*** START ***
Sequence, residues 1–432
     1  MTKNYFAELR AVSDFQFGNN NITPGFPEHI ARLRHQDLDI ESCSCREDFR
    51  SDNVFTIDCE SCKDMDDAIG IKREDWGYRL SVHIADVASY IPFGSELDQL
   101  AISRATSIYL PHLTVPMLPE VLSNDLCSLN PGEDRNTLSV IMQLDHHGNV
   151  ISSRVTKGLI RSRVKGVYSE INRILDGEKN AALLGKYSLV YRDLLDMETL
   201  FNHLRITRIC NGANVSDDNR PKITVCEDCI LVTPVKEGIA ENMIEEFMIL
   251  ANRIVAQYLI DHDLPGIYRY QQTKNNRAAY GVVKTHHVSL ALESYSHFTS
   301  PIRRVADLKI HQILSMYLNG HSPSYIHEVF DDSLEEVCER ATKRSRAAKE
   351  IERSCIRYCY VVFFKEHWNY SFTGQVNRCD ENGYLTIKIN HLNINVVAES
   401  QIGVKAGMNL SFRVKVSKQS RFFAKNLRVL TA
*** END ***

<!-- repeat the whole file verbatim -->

Sequence, residues 1–432
     1  MTKNYFAELR AVSDFQFGNN NITPGFPEHI ARLRHQDLDI ESCSCREDFR
    51  SDNVFTIDCE SCKDMDDAIG IKREDWGYRL SVHIADVASY IPFGSELDQL
   101  AISRATSIYL PHLTVPMLPE VLSNDLCSLN PGEDRNTLSV IMQLDHHGNV
   151  ISSRVTKGLI RSRVKGVYSE INRILDGEKN AALLGKYSLV YRDLLDMETL
   201  FNHLRITRIC NGANVSDDNR PKITVCEDCI LVTPVKEGIA ENMIEEFMIL
   251  ANRIVAQYLI DHDLPGIYRY QQTKNNRAAY GVVKTHHVSL ALESYSHFTS
   301  PIRRVADLKI HQILSMYLNG HSPSYIHEVF DDSLEEVCER ATKRSRAAKE
   351  IERSCIRYCY VVFFKEHWNY SFTGQVNRCD ENGYLTIKIN HLNINVVAES
   401  QIGVKAGMNL SFRVKVSKQS RFFAKNLRVL TA